Modulating agents may also be used, within other aspects of the present invention, to enhance and/or direct neurological growth. In one aspect, neurite outgrowth may be enhanced and/or directed by contacting a neuron with one or more modulating agents. Preferred modulating agents for use within such methods are linked to a polymeric matrix or other support and include those peptides without substantial flanking sequences, as described above. In particularly preferred embodiments, the modulating agent comprises a cyclic peptide such as N-Ac-CHAVC-NH2 (SEQ ID NO:8), N-Ac-CHAVDC-NH2 (SEQ ID NO:48), N-Ac-CAHAVC-NH2 (SEQ ID NO:49), N-Ac-CAHAVDC-NH2 (SEQ ID NO:16), N-Ac-CAHAVDIC-NH2 (SEQ ID NO:10), N-Ac-CRAHAVDC-NH2 (SEQ ID NO:50), N-Ac-CLRAHAVC-NH2 (SEQ ID NO:51), N-Ac-CLRAHAVDC-NH2 (SEQ ID NO:52), N-Ac-CSHAVC-NH2 (SEQ ID NO:12), N-Ac-CHAVSC-NH2 (SEQ ID NO:14), N-Ac-CSHAVSC-NH2 (SEQ ID NO:53), N-Ac-CSHAVSSC-NH2 (SEQ ID NO:18), N-Ac-CHAVSSC-NH2 (SEQ ID NO:54), N-Ac-KHAVD-NH2 (SEQ ID NO:20), N-Ac-DHAVK-NH2 (SEQ ID NO:55), N-Ac-KHAVE-NH2 (SEQ ID NO:56), N-Ac-AHAVDI-NH2 (SEQ ID NO:44), N-Ac-SHAVDSS-NH2 (SEQ ID NO:57), N-Ac-KSHAVSSD-NH2 (SEQ ID NO:45) and derivatives thereof, including derivatives without the N-acetyl group. In addition, a modulating agent comprising RGD and/or YIGSR (SEQ ID NO:47), which are bound by integrins, the cadherin CAR sequence HAV, and/or the N-CAM CAR sequence KYSFNYDGSE (SEQ ID NO:62) may further facilitate neurite outgrowth. Modulating agents comprising antibodies, or fragments thereof, may be used within this aspect of the present invention without the use of linkers or support materials. Preferred antibody modulating agents include Fab fragments directed against the N-cadherin CAR sequence FHLRAHAVDINGNQV-NH2 (SEQ ID NO:61). Fab fragments directed against the N-CAM CAR sequence KYSFNYDGSE (SEQ ID NO:62) may also be employed, either incorporated into the modulating agent or administered concurrently as a separate modulator.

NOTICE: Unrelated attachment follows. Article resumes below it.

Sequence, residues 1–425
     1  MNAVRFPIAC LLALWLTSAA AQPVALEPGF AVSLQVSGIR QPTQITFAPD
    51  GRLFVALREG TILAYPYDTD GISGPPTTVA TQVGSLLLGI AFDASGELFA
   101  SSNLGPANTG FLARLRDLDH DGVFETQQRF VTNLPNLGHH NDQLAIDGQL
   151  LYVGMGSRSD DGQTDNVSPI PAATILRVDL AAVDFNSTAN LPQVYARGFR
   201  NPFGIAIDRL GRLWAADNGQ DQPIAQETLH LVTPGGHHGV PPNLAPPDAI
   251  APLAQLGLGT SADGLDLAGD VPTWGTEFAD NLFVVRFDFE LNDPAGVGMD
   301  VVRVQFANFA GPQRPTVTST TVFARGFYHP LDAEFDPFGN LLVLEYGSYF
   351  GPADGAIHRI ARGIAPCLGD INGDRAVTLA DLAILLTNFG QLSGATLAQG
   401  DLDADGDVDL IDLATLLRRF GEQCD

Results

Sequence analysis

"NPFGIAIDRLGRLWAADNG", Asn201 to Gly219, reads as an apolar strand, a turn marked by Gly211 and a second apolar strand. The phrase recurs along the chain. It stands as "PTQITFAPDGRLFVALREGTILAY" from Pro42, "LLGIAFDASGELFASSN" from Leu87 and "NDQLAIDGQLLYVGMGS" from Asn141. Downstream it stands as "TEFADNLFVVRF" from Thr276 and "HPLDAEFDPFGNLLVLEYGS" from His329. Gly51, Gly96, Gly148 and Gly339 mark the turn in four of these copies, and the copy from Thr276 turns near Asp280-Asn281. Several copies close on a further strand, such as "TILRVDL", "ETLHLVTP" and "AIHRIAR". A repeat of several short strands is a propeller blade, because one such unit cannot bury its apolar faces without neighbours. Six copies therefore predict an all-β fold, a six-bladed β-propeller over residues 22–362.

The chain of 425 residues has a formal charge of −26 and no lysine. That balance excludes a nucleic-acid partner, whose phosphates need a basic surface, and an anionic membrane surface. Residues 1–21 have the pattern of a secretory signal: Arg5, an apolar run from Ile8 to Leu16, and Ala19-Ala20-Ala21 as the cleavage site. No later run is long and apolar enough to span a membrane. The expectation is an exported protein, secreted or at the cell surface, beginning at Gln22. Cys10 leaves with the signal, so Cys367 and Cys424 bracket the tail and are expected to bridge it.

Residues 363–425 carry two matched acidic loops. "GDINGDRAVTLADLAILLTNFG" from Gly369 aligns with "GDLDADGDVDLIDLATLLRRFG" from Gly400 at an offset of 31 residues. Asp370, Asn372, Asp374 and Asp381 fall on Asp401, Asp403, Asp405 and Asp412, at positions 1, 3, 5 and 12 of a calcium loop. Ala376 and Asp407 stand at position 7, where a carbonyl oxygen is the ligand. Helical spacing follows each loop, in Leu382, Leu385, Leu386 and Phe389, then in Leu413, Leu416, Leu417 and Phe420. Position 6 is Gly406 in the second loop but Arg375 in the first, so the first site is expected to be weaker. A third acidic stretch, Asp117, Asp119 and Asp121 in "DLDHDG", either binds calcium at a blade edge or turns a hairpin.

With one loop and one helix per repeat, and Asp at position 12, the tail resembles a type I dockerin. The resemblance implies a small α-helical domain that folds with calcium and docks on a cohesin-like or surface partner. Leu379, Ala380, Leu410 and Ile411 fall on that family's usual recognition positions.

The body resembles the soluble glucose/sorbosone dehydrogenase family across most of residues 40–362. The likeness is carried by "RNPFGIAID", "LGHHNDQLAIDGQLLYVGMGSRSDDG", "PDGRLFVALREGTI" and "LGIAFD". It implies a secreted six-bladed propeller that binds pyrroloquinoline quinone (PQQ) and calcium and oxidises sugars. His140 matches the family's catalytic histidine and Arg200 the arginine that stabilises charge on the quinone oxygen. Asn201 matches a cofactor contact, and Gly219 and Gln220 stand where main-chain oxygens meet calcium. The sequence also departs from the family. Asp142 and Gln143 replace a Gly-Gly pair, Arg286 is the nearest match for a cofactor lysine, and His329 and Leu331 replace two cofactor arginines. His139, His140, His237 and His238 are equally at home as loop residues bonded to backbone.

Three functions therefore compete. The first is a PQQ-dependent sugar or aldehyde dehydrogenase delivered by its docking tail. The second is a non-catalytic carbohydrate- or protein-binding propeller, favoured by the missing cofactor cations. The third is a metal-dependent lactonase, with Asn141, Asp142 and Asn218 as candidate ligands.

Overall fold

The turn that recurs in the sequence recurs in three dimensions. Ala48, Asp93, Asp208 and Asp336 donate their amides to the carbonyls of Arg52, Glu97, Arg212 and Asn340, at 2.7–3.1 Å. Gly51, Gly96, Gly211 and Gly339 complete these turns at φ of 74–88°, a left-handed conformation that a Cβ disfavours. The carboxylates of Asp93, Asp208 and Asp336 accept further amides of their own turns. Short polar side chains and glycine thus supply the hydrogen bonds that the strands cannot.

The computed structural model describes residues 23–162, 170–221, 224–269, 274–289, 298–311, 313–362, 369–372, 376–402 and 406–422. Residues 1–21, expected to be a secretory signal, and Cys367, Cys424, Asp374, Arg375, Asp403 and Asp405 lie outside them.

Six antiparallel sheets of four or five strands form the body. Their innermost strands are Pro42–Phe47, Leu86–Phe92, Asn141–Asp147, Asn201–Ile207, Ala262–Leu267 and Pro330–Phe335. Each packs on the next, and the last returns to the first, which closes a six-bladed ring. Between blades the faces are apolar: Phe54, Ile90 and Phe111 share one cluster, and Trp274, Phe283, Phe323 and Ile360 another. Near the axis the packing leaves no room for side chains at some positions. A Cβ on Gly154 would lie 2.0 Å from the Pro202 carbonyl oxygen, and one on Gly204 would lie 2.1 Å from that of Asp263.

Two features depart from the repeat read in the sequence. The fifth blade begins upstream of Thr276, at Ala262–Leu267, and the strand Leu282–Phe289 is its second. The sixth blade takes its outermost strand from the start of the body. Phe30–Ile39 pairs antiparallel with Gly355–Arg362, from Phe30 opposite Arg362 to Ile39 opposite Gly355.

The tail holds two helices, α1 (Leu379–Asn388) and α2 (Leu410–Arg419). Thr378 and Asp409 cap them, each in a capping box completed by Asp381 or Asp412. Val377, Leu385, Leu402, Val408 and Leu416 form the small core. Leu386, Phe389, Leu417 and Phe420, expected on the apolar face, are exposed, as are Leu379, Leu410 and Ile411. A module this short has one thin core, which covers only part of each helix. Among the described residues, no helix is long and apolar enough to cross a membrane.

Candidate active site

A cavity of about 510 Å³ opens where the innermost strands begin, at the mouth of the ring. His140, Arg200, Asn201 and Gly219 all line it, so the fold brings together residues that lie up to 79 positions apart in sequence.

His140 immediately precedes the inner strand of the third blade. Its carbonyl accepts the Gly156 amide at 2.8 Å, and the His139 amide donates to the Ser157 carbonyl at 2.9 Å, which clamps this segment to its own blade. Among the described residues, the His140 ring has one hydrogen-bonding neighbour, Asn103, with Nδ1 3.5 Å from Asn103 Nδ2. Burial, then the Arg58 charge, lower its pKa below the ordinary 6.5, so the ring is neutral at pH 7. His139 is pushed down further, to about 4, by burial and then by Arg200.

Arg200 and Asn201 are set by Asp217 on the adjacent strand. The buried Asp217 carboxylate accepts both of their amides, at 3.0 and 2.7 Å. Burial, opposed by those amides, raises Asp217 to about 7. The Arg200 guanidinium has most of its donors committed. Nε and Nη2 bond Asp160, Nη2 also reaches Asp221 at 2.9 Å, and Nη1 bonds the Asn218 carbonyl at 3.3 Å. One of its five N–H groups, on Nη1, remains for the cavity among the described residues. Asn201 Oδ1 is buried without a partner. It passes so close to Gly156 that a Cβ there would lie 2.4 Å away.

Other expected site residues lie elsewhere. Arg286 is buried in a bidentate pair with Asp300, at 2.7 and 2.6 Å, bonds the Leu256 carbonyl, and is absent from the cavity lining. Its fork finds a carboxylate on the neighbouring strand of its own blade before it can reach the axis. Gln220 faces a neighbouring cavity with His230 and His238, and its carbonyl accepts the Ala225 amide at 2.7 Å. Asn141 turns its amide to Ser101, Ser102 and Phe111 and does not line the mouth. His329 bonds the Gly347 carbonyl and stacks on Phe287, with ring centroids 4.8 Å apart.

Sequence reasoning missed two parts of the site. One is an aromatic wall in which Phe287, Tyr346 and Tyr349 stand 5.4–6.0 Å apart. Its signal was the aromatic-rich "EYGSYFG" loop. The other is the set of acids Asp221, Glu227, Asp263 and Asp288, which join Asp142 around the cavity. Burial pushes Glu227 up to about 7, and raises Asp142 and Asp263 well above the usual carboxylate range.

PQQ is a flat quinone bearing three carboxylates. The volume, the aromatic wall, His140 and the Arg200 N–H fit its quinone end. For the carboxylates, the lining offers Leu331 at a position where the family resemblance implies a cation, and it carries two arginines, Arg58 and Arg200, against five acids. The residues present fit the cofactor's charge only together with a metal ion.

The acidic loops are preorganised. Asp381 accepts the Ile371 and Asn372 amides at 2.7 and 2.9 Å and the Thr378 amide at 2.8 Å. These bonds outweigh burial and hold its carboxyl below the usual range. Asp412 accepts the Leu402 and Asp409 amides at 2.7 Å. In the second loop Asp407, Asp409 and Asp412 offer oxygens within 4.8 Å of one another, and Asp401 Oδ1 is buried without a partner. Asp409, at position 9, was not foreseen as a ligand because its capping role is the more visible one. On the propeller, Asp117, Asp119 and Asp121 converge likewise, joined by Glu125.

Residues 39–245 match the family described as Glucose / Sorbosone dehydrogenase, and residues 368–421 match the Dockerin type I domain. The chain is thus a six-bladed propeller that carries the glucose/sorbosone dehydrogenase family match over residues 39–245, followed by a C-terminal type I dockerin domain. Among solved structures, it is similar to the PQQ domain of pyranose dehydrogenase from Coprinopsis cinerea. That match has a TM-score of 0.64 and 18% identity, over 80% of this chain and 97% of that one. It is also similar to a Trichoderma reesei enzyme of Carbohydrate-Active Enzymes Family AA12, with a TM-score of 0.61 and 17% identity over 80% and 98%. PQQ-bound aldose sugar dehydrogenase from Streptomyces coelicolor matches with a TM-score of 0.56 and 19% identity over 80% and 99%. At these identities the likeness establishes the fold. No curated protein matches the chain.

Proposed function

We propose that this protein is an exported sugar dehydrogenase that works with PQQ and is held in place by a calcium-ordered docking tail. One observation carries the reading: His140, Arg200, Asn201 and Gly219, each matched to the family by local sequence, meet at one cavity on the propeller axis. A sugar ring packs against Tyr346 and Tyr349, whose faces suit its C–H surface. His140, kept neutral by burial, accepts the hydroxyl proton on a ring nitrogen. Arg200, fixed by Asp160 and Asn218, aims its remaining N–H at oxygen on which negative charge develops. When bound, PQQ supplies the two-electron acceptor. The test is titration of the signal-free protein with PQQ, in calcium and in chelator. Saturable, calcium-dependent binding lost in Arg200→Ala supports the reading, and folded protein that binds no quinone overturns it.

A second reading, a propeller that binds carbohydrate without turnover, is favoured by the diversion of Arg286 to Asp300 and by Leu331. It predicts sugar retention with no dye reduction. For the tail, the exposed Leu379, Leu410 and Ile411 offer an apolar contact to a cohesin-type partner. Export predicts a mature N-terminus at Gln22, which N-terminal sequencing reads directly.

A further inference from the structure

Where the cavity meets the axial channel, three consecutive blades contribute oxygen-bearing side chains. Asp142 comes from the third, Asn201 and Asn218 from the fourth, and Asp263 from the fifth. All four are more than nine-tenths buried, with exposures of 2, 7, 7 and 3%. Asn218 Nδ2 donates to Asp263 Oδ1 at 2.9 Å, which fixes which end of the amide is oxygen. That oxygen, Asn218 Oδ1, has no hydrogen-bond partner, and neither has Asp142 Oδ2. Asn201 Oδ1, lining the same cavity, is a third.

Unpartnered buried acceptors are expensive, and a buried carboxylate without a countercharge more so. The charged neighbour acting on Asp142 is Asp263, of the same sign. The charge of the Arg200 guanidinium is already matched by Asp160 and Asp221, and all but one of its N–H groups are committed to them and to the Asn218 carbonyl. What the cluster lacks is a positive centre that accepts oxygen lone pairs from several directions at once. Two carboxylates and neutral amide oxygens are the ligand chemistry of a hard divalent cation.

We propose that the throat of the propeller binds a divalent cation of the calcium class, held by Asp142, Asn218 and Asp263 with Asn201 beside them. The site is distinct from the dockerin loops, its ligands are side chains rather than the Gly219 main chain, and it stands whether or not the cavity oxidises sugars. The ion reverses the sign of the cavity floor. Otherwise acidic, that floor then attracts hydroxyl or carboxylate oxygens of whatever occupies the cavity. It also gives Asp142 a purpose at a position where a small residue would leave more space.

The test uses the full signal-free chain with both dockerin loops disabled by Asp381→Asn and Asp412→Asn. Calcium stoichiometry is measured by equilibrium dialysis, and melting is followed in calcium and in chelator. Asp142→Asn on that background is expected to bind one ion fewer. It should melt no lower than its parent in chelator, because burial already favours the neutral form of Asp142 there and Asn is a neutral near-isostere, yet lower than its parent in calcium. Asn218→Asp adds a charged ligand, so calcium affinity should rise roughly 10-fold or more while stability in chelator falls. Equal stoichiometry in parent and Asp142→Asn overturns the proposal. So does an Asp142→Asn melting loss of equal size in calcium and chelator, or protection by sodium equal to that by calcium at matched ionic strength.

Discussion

The method of achieving contact and the amount of modulating agent used will depend upon the location of the neuron and the extent and nature of the outgrowth desired. For example, a neuron may be contacted (e.g., via implantation) with modulating agent(s) linked to a support material such as a suture, fiber nerve guide or other prosthetic device such that the neurite outgrowth is directed along the support material. Alternatively, a tubular nerve guide may be employed, in which the lumen of the nerve guide contains a composition comprising the modulating agent(s). In vivo, such nerve guides or other supported modulating agents may be implanted using well known techniques to, for example, facilitate the growth of severed neuronal connections and/or to treat spinal cord injuries. It will be apparent to those of ordinary skill in the art that the structure and composition of the support should be appropriate for the particular injury being treated. In vitro, a polymeric matrix may similarly be used to direct the growth of neurons onto patterned surfaces as described, for example, in U.S. Pat. No. 5,510,628.

Within another such aspect, one or more cyclic peptides may be used for therapy of a demyelinating neurological disease in a mammal. There are a number of demyelinating diseases, such as multiple sclerosis, characterized by oligodendrocyte death. It has been found, within the context of the present invention, that Schwann cell migration on astrocytes is inhibited by N-cadherin. Modulating agents that disrupt N-cadherin mediated cell adhesion as described herein, when implanted with Schwann cells into the central nervous system, may facilitate Schwann cell migration and permit the practice of Schwann cell replacement therapy.

Multiple sclerosis patients suitable for treatment may be identified by criteria that establish a diagnosis of clinically definite or clinically probable MS (see Poser et al., Ann. Neurol. 13:227, 1983). Candidate patients for preventive therapy may be identified by the presence of genetic factors, such as HLA-type DR2a and DR2b, or by the presence of early disease of the relapsing remitting type.